The Mexicanization of the Hot Dog
In Houston, as in Chicago, Los Angeles and Denver, Mexican-style hot dogs have been increasing in popularity. But when the mainstream hot dog chain James Coney Island introduced a Sonoran hot dog last year, you could feel the seismic shift as the tectonic plates of German and Mexican culture banged up against each other.
The frankfurter with mustard was enough for our German forefathers - okay, maybe a little sauerkraut. The hot dog with chile con carne called a "Coney Island" was an early compromise with the reality of biculturalism. But chili con carne wasn't really Mexican; it was Tex-Mex. In those days, tamales were jokingly called "Mexican hot dogs."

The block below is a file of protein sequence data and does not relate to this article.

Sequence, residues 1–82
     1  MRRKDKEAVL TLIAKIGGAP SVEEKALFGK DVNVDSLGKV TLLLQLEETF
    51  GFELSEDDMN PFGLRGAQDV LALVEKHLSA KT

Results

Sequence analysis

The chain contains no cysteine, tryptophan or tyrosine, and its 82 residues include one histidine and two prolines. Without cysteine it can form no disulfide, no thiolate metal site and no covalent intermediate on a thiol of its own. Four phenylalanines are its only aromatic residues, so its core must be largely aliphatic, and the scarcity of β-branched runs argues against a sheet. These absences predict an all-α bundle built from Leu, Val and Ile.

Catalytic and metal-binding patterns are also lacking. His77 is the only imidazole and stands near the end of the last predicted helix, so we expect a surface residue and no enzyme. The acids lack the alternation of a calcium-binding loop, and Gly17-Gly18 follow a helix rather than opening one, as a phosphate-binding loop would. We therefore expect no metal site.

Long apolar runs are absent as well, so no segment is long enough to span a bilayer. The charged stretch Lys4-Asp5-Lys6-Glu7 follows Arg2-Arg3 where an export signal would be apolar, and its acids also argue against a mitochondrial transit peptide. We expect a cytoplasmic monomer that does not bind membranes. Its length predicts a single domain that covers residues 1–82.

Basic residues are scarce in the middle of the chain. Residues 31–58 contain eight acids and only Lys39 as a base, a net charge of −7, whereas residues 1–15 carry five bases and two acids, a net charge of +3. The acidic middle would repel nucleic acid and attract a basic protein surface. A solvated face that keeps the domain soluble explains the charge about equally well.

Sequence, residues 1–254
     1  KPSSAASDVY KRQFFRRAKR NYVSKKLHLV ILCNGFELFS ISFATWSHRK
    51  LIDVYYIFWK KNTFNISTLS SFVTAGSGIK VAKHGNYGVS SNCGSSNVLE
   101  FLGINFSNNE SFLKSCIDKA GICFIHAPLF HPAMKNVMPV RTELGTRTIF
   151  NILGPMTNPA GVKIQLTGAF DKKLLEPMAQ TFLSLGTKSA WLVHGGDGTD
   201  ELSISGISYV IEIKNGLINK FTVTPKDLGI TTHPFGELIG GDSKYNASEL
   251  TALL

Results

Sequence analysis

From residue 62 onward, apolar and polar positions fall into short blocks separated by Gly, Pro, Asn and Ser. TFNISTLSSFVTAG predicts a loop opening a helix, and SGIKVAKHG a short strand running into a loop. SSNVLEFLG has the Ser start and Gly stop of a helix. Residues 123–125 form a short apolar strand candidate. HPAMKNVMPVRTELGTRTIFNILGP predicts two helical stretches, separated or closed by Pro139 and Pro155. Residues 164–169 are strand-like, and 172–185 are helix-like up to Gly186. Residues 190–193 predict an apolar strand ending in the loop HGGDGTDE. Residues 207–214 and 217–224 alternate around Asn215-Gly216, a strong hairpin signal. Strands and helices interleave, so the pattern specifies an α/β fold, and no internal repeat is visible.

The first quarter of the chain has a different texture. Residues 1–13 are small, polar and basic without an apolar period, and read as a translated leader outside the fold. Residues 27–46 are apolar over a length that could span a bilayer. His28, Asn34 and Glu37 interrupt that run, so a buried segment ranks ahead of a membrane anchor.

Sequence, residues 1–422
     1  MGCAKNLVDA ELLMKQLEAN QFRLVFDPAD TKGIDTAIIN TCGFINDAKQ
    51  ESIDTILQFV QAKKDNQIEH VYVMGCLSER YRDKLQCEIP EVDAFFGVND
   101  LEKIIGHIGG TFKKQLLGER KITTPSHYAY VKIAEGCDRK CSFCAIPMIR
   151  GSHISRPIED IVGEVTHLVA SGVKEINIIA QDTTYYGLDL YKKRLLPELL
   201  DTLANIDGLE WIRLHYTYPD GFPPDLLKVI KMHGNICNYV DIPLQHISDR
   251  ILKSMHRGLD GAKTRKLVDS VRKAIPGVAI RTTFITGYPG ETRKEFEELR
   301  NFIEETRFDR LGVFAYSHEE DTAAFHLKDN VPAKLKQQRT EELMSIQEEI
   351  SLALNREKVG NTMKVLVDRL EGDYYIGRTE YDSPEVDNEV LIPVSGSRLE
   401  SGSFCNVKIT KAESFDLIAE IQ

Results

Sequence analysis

In a New York Times article by John T. Edge on the Mexicanization of the American hot dog last August, Mexican-Americans were quoted deriding the American ketchup and mustard dog as boring. They swore allegiance to a south-of-the-border version of the hot dog made with frankfurters wrapped in bacon and topped with guacamole, refried beans and whatever else you can find on the salsa bar. It sounds deliciously un-American.
I saw a couple of Mexican hot dog sellers at the Airline flea markets. Please keep me posted on taco trucks, hot dog stands, and street vendors with interesting variations.